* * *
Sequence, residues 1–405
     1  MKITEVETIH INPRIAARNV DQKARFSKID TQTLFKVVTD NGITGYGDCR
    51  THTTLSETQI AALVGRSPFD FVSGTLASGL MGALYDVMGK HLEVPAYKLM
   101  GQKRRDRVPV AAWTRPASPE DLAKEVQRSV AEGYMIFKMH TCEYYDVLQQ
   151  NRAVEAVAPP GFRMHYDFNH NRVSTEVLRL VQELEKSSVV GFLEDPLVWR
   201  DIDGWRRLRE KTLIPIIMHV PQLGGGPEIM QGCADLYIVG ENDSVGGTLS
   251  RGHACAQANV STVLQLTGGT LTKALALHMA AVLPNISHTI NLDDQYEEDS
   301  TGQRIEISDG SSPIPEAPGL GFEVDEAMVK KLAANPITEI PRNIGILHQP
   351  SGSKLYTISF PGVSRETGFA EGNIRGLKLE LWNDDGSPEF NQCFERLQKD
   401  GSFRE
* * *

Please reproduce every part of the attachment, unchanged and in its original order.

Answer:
Sequence, residues 1–405
     1  MKITEVETIH INPRIAARNV DQKARFSKID TQTLFKVVTD NGITGYGDCR
    51  THTTLSETQI AALVGRSPFD FVSGTLASGL MGALYDVMGK HLEVPAYKLM
   101  GQKRRDRVPV AAWTRPASPE DLAKEVQRSV AEGYMIFKMH TCEYYDVLQQ
   151  NRAVEAVAPP GFRMHYDFNH NRVSTEVLRL VQELEKSSVV GFLEDPLVWR
   201  DIDGWRRLRE KTLIPIIMHV PQLGGGPEIM QGCADLYIVG ENDSVGGTLS
   251  RGHACAQANV STVLQLTGGT LTKALALHMA AVLPNISHTI NLDDQYEEDS
   301  TGQRIEISDG SSPIPEAPGL GFEVDEAMVK KLAANPITEI PRNIGILHQP
   351  SGSKLYTISF PGVSRETGFA EGNIRGLKLE LWNDDGSPEF NQCFERLQKD
   401  GSFRE